Decks are being cleared for entry of yet another central hydropower company like NHPC into J&K to partake in joint venture projects with state Power Development Corporation (PDC) which has the potential to execute power projects on its own.An official revealed preparation was going on for setting up a joint venture company between PDC and Satluj Jal Vidyut Nigam Ltd (SJVNL) for setting up of 1856-MW Sawlakote hydropower project.
He said the union power ministry and the J&K power department have already started deliberations about bringing SJVNL into the state.
Established in 1998, the SJVNL is a Joint Venture company between union power ministry and government of Himachal Pradesh.The largest ever power project to come up in the state, Sawlakote is a state-owned project that was cleared by union power ministry in April.
Last week, the official said, a meeting between officials from union power ministry, SJVNL and state power ministry was held at New Delhi to discuss modalities for setting up the joint venture company.
“The equity pattern, shape of the company and related issues were among modalities discussed during the meeting,” the official said.
Another senior official said the joint venture would be a “deathblow” to the PDC which has proven its “capacity and mettle” to build and operate such hydropower projects.
He said it took PDC more than 30 years to take Sawlakote to the stage it is at today and suddenly an “outsider is being offered it on a platter”.
“It (the JV) is coming up at the cost of the PDC and by allowing it we are not sending good signals about the capability of the PDC,” the senior said.
The government of India’s National Hydroelectric Power Corporation (NHPC), another central public service undertaking (CPSU), is already operating eight projects in the J&K with a cumulative capacity of 2339-MW, which sums up to more than 1/3rd of the total of 7047-MW hydropower generated by the it in other states.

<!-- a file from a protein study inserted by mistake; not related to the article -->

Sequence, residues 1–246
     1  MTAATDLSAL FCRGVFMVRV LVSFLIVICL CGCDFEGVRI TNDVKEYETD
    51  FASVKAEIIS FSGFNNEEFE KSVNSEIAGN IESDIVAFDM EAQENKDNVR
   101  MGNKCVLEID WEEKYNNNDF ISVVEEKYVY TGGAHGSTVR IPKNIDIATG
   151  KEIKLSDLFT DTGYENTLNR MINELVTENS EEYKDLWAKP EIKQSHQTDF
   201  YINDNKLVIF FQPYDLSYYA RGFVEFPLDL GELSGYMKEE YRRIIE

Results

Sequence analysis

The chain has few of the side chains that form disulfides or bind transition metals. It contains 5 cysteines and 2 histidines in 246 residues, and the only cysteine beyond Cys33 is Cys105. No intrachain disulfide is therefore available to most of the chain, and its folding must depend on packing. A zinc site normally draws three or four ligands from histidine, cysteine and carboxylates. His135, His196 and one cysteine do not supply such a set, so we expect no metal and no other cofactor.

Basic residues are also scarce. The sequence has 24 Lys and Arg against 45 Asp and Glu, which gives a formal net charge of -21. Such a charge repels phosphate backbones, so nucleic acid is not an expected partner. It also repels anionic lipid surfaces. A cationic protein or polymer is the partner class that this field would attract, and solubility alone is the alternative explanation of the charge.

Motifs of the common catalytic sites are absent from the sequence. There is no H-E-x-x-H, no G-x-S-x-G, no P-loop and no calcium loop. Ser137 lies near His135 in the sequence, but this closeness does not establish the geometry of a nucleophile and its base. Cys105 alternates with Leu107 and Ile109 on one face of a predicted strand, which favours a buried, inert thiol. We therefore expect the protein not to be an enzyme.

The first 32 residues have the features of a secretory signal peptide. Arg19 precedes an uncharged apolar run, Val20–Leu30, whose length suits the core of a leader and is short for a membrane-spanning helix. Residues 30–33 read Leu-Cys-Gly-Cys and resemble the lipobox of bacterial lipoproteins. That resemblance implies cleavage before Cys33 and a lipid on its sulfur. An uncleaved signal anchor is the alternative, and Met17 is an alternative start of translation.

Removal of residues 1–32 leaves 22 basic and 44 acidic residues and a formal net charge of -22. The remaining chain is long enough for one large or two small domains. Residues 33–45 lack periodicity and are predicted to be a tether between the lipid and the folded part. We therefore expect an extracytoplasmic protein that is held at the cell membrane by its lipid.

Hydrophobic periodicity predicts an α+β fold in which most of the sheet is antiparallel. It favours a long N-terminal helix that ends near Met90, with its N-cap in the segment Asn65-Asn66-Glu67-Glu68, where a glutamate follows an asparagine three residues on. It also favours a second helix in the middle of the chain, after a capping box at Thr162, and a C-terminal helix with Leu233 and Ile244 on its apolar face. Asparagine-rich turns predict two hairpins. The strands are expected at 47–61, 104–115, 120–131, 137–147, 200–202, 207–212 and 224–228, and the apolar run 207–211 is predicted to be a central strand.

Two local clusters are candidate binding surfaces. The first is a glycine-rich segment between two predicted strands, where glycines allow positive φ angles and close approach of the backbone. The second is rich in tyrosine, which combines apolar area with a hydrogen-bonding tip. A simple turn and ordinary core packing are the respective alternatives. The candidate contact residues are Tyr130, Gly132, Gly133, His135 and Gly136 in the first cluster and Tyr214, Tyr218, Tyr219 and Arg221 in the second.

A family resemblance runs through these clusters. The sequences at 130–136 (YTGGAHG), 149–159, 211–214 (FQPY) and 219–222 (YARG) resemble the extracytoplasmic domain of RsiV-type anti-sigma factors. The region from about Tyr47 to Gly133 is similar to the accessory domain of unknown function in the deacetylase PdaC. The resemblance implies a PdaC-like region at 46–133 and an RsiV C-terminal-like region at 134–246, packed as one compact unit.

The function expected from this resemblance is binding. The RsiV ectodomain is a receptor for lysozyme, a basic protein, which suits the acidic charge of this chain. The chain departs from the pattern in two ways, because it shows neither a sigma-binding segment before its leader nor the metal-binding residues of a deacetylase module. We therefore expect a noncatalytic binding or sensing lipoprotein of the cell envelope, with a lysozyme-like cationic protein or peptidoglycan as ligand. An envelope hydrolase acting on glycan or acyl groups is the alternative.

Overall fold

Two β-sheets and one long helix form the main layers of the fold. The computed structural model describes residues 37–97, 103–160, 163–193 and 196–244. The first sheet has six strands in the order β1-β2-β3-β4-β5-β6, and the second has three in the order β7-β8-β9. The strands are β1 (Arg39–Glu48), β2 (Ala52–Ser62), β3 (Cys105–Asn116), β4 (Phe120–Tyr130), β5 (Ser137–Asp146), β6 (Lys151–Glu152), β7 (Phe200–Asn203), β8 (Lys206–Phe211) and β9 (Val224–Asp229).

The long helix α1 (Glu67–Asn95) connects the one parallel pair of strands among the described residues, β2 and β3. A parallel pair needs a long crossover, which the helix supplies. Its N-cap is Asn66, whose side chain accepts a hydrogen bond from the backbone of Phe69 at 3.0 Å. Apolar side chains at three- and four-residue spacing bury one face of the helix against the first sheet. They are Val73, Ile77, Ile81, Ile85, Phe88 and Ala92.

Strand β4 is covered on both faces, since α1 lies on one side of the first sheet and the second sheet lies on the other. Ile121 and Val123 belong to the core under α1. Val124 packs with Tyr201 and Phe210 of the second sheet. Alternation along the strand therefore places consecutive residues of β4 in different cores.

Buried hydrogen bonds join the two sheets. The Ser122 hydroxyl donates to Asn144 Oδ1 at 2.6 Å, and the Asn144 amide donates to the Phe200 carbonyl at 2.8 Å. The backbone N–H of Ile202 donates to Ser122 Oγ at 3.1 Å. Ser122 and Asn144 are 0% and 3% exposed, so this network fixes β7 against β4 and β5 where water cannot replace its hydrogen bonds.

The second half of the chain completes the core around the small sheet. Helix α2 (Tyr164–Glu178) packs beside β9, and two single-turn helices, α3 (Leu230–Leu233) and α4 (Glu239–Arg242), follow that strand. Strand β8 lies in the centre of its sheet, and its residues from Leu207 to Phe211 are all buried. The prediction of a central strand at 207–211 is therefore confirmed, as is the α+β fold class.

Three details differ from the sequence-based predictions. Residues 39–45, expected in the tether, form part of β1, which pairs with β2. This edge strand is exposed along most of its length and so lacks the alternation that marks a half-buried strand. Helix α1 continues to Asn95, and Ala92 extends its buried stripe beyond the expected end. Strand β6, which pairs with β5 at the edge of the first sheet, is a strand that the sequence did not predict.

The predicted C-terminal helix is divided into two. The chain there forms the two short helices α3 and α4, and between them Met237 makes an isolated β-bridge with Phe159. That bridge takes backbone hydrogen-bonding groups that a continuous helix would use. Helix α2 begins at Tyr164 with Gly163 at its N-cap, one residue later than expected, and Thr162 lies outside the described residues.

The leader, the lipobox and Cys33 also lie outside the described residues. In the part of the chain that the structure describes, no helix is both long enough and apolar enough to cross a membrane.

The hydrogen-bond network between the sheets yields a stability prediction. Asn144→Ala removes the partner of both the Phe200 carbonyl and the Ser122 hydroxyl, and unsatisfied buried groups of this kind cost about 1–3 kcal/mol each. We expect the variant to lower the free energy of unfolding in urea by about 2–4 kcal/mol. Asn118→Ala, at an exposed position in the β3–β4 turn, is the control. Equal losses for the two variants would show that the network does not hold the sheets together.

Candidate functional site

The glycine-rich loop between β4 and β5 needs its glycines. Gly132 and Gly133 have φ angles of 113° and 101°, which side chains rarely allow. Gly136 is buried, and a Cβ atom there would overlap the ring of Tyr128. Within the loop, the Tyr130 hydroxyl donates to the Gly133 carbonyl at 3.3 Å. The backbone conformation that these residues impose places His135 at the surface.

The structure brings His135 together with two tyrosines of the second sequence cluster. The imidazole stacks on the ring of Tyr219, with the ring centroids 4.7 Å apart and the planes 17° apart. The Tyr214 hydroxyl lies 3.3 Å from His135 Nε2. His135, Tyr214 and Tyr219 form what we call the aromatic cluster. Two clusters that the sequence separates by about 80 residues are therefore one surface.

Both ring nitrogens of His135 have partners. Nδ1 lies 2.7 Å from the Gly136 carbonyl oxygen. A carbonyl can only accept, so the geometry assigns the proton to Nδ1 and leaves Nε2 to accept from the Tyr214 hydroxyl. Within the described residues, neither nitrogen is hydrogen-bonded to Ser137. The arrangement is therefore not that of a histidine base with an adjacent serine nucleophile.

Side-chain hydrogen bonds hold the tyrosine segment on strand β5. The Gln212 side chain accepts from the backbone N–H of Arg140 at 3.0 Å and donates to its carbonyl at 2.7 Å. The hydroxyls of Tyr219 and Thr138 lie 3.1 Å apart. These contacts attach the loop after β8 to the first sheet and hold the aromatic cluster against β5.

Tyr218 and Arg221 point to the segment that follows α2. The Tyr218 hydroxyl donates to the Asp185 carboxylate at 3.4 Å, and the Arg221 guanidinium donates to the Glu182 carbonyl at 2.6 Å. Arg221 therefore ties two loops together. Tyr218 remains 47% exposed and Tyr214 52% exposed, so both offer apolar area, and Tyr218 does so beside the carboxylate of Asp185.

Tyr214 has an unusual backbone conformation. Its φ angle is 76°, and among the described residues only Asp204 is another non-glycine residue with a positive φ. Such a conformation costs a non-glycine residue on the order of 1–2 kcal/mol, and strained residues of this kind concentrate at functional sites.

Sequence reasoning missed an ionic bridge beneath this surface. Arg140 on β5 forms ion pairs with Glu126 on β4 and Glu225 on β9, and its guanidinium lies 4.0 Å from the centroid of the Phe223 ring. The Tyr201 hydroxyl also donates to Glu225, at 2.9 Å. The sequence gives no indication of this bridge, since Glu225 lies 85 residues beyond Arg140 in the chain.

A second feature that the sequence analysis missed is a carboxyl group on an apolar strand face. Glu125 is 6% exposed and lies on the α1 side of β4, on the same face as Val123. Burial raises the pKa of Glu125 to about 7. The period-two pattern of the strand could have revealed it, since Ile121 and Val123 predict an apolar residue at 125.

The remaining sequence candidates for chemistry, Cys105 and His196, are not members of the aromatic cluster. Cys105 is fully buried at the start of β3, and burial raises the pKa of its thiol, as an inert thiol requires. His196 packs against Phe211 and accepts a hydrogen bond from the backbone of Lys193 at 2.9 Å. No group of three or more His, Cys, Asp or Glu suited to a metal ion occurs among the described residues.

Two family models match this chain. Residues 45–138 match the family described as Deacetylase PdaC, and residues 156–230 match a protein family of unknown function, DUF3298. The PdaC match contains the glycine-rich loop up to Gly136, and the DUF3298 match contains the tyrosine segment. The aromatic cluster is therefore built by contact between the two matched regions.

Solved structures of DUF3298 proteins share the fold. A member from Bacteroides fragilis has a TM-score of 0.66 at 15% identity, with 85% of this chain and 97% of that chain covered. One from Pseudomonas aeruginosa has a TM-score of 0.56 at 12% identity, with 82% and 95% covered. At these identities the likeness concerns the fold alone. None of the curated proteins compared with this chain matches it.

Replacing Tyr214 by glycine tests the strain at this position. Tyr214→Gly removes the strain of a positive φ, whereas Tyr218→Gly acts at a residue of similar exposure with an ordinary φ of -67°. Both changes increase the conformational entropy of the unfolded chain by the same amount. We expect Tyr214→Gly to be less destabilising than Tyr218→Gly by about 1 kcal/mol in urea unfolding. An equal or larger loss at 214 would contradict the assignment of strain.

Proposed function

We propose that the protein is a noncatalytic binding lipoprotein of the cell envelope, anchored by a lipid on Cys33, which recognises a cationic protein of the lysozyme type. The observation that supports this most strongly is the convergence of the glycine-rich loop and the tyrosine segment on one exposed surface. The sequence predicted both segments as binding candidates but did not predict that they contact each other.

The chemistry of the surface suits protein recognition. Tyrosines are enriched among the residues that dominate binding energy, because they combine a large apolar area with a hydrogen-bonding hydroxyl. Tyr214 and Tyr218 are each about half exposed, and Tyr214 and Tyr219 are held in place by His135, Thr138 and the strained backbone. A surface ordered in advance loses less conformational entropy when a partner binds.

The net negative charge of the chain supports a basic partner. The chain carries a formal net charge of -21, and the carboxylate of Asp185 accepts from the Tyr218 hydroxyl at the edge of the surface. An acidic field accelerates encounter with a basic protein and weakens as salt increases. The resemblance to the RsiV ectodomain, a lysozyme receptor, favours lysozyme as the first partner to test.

A joint venture company already exists between PDC, NHPC and Power Trading Corporation (PTC) that was set up in 2011 for execution of hydropower projects on Chenab basin with a vast hydropower potential.
The Chenab Valley Power Projects Ltd (CVPPPL), comprising these three corporations is executing three major projects with a capacity of 2100-MW.
According to a memorandum of understanding, the PDC and NHPC have has a share each of not more than 49 percent in the company, the CVPPPL.
The J&K state’s PTC has a share of mere two percent in the company.
“The issue is not only that the CPSUs become partner in energy generating from the projects, we are handing them a share from vast hydro resources which belong to the state. They become a partner to our resources,” the first official said.
Another official confirmed the issue to allow central PSUs establish in J&K for setting up the projects was under consideration for long time.
On 11 October 2017, a five-member Group of Ministers (GoM) of J&K held a meeting to expedite execution of the power projects. Led by then deputy chief minister Nirmal Singh the meeting was among others attended by Amarjit Singh union secretary water resources.